[box type=”bio”] Jayantha has been selected as Campus Ambassador at AlgoJi- 2017. He is pursuing B.Tech. + M.Tech. (Dual Degree) from IIT BHU. His hobbies include maths and music. [/box] Pair Trading Excel Spreadsheet allows you to code and backtest pair trading strategies which have a low risk profile. Pairs Trading is a market-neutral strategy where you rely on mean reversion of the ratio of two highly correlated stocks.

It is generally know that the stocks picked for pair trading should be correlated, i.e. if the first stock goes up for some reason, even the second stock will go up. Their price may not be in the same range, but you may find that their ratio doesn’t change much. Here it is very important to learn that the pair should be fundamentally correlated, not just technically correlated.

Fundamental correlation refers to picking stocks which belong to same industry, have similar business model and similar market cap structure.

Technical correlation refers to picking stocks which have a correlation ratio more than 0.90, and cointegration tests to validate the hypothesis.

For example, consider two similar ETFs, the SPY and the DIA – You can see from the graph that they are highly correlated.

Since the stocks’ ratio revert to their mean, if the ratio goes to a high value, we can go long on the underperforming stock, and go short on the overperforming one. The algorithm must decide at what point to initiate the pair trade.

Most commonly, trades are entered when the ratio of the stocks go above the mean plus one standard deviation, and when the ratio goes below the mean minus one standard deviation.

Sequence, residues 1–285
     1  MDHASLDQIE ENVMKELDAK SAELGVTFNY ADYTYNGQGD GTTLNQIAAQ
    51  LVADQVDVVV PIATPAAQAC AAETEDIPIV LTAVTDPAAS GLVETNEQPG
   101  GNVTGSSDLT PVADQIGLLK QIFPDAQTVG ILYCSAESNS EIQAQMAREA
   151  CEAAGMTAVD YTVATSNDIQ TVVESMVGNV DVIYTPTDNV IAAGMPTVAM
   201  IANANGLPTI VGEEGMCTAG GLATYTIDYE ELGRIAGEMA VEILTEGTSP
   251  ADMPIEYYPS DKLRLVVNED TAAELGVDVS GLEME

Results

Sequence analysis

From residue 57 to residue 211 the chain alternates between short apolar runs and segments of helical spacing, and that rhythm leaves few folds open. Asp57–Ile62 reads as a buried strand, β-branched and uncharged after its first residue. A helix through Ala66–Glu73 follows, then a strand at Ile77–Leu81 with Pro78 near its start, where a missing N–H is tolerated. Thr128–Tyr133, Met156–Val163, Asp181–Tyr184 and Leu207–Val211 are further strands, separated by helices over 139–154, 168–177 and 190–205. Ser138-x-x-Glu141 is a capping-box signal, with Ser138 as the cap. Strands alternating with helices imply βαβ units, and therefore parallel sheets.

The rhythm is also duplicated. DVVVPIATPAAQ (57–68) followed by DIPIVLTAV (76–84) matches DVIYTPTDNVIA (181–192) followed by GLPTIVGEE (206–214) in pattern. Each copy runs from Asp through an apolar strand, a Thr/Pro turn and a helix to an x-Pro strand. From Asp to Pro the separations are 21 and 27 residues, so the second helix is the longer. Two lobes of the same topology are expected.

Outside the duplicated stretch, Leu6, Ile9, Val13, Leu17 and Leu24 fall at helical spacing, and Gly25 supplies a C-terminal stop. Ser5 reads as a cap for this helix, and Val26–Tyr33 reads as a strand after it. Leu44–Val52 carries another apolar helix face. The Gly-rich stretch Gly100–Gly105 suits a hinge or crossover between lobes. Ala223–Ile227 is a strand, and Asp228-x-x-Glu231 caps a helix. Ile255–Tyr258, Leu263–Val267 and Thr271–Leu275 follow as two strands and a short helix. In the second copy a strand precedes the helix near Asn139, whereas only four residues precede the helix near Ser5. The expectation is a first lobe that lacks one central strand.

So in this case, if the ratio of SPY by DIA > Mean + STDEV –> Go Short on SPY, and go long on DIA
If ratio < Mean – STDEV –> Go long on SPY, and go short on DIA
And cover your positions when the ratio crosses the mean.

Now, lets backtest our strategy on historical data to see how it performs. You can download daily closing prices of SPY and DIA from 2012 to 2017 from Yahoo Finance.

Lets calculate the mean and the standard deviation of the ratio from 2012 to 2014, and test the strategy using these parameters on data from 2014 to 2017. If the ratio is truly mean reverting, then the values calculated from 2014 to 2014 should also be profitable. We can see that the stocks have a pretty high correlation of 0.98.

Now, we will write VBA code to enter the trades from 2014 to 2017. But, before that, create a second sheet with the following columns – Next, enter the following code in your VBA editor –

```Sub Pairs_Trade()
Dim row As Integer
Dim pnlRow As Integer
pnlRow = 2

For row = 380 To Application.WorksheetFunction.CountA(Columns("A"))
If Sheets("Trades").Cells(pnlRow, 1) = "" Then
If Cells(row, 4) > Cells(14, 8) Then
ElseIf Cells(row, 4) < Cells(14, 7) Then
End If
ElseIf Sheets("Trades").Cells(pnlRow, 2) = "ShortSPYDIA" Then
Debug.Print Cells(10, 8)
If Cells(row, 4) <= Cells(10, 8) And Cells(row - 1, 4) > Cells(10, 8) Then
Debug.Print row
pnlRow = pnlRow + 1
End If
ElseIf Sheets("Trades").Cells(pnlRow, 2) = "LongSPYDIA" Then
If Cells(row, 4) >= Cells(10, 8) And Cells(row - 1, 4) < Cells(10, 8) Then
pnlRow = pnlRow + 1
End If
End If
Next row
End Sub

```

This code will not calculate the PnL, but it’s pretty simple to do it in the spreadsheet. After running the code, you should see something like this in the sheet “Trades” – We see that it made only one trade in all those years, which yielded 1.29% profit. You will see the reason for its poor performance when you plot a graph of the ratio with time – The ratio of the stocks is not really mean reverting in the long run.